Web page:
If you are one of the head-strong people that try not to let chronic neck pain slow you down… Kudos to you! Maybe you’re one of the more disciplined type that even tries to jog regularly.
If you are, maybe you wonder… does jogging help relieve neck pain?
JOGGING: HELP OR AGGRAVATION FOR CHRONIC NECK PAIN?
Most people realize that starting on a high-impact jogging regime without proper warm-up, correct shoes, some reasonable fitness level and a good sports bra for women will lead to various aches and pains… including neck pain.
Clearly, this is not a great way to motivate yourself to continue to get fit. But… can jogging itself cause neck pain… or can it actually help relieve it? Most importantly – make certain you know when NOT to jog with neck pain… and when it’s time to see your health professional.
Those of us with certain weird anatomical issues, like a cervical rib (an extra rib that arises from the C7 vertebrae) may cause compression of structures like the brachial plexus or thoracic outlet. Also, signs of degenerative disc disease (DDD) with bulging discs in the neck… or herniated discs are more likely to have pain issues from a high impact sport such as running or jogging.
In fact, these individuals may not be aware that they have a problem until they start jogging. Especially if issues such as numbness or poor circulation when raising their arms over their head… or if they have persistent cramps and twinges of shoulder pain… or pain down the arm – a thorough medical assessment prior to starting any new exercise program is definitely needed.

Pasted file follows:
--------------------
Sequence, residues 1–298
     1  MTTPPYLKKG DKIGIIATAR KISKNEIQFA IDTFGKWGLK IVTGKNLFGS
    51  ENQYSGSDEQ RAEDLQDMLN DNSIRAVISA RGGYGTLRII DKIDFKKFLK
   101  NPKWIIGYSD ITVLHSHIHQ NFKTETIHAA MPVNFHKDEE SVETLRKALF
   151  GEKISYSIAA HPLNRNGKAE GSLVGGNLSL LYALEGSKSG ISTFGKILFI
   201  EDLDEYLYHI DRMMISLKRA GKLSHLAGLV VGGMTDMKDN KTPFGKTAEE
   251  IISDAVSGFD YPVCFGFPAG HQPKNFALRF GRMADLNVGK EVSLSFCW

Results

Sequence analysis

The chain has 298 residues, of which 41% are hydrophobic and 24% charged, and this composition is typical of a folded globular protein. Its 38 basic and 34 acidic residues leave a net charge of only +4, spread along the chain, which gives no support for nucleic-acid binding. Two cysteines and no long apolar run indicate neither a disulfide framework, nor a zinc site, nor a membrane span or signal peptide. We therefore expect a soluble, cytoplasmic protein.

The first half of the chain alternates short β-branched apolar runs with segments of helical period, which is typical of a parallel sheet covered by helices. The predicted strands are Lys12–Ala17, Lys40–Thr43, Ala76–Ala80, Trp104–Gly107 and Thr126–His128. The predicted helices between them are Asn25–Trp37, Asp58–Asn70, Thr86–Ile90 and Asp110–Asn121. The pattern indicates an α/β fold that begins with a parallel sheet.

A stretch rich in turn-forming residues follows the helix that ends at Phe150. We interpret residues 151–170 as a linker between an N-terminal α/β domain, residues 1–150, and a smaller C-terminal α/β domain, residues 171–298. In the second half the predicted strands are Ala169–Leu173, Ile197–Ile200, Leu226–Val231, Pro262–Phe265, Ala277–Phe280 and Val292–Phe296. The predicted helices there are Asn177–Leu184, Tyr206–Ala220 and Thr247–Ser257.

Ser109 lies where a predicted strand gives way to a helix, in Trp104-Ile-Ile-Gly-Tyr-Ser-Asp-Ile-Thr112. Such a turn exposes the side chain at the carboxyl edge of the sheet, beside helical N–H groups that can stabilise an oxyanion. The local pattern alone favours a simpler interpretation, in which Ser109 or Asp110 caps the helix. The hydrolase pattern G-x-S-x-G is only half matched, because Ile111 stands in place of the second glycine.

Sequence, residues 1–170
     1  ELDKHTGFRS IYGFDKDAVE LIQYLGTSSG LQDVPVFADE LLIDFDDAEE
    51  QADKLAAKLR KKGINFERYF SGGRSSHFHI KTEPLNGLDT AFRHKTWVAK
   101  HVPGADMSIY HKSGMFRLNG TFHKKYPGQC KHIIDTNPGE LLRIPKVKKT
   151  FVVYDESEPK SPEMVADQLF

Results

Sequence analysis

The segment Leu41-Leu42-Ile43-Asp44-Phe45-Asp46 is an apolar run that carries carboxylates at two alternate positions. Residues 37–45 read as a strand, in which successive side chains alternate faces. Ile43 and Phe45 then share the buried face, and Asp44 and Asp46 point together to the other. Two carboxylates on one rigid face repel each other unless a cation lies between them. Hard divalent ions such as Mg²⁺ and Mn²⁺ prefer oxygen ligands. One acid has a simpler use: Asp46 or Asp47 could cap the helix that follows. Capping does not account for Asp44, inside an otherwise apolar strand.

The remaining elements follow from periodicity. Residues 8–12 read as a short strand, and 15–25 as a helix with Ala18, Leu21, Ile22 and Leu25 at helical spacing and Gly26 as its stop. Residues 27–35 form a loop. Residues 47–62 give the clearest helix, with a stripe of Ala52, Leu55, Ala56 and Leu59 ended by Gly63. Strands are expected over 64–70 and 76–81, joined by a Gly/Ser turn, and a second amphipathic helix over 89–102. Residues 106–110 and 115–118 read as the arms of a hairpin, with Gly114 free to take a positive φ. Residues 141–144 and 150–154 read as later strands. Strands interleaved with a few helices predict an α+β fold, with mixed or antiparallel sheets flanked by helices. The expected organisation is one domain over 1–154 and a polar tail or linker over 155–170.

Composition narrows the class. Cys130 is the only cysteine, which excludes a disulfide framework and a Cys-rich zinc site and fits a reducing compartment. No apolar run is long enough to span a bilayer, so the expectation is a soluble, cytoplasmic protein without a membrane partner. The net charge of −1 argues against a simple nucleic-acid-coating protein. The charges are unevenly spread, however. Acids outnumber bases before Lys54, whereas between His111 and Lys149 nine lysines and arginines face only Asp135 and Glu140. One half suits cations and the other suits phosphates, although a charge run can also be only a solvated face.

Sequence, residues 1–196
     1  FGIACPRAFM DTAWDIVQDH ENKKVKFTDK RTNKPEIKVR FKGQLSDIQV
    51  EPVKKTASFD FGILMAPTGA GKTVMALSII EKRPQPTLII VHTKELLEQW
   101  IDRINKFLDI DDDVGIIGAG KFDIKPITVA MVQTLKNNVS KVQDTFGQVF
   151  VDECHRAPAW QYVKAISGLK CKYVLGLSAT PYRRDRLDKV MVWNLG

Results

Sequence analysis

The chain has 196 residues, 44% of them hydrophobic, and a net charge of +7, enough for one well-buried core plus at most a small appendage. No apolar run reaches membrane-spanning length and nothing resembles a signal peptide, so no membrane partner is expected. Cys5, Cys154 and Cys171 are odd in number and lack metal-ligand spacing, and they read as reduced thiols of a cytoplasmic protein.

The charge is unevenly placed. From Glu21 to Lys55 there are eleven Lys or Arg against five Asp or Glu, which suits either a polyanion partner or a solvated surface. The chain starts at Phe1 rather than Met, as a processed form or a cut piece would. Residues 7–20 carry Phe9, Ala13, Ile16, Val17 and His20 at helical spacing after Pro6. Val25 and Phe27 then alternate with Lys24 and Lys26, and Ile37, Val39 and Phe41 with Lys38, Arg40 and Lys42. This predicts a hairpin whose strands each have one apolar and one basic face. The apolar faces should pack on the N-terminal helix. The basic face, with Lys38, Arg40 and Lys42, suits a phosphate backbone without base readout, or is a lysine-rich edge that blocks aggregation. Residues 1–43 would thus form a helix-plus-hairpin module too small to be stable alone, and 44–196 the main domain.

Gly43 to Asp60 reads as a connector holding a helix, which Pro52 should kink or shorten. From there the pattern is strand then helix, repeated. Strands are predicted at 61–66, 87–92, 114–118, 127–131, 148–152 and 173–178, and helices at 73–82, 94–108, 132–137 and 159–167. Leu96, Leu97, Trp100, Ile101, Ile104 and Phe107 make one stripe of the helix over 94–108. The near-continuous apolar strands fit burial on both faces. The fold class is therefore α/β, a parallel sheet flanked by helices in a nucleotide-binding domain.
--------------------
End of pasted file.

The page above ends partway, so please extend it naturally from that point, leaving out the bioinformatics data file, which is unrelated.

Way back in 1978, scientists connected an increase in neuropathy (pain, tingling, numbness or weakness) with the jogging craze… and predicted it to increase as more people took to the roads. In fact, musculoskeletal issues are on the rise with 75% of Americans complaining of chronic neck pain or chronic pain of some other type during their lifetimes. This is often due to too much sitting and a general lack of fitness. The muscles become lazy, weak and atrophy – they can’t support the body effectively. Add in the Standard American Diet (SAD) with its highly processed foods which are full of pro-inflammatory substances (sugar, Omega-6 fatty acids, food coloring, etc) and pain issues become even more problematic.
THE BENEFITS OF JOGGING
- Losing weight: One issue to be aware of is the relationship between being overweight and experiencing chronic neck pain. Fat (adipose) tissue increases pain signal transmission. Losing weight through jogging should not only reduce chronic neck pain… but increases endorphins (nature’s own pain-killer). It lowers the pain signals themselves… making jogging a triple plus: lose weight, less pain and improved fitness. Also, running outside in the sunshine will help make more vitamin D3 – which will help with musculoskeletal issues as well as improve your mood and immune system function. For a more in-depth discussion of vitamin D3, see the article here. Recent studies have shown that low levels of vitamin D3 result in poorer results for those of us unlucky enough to need surgery.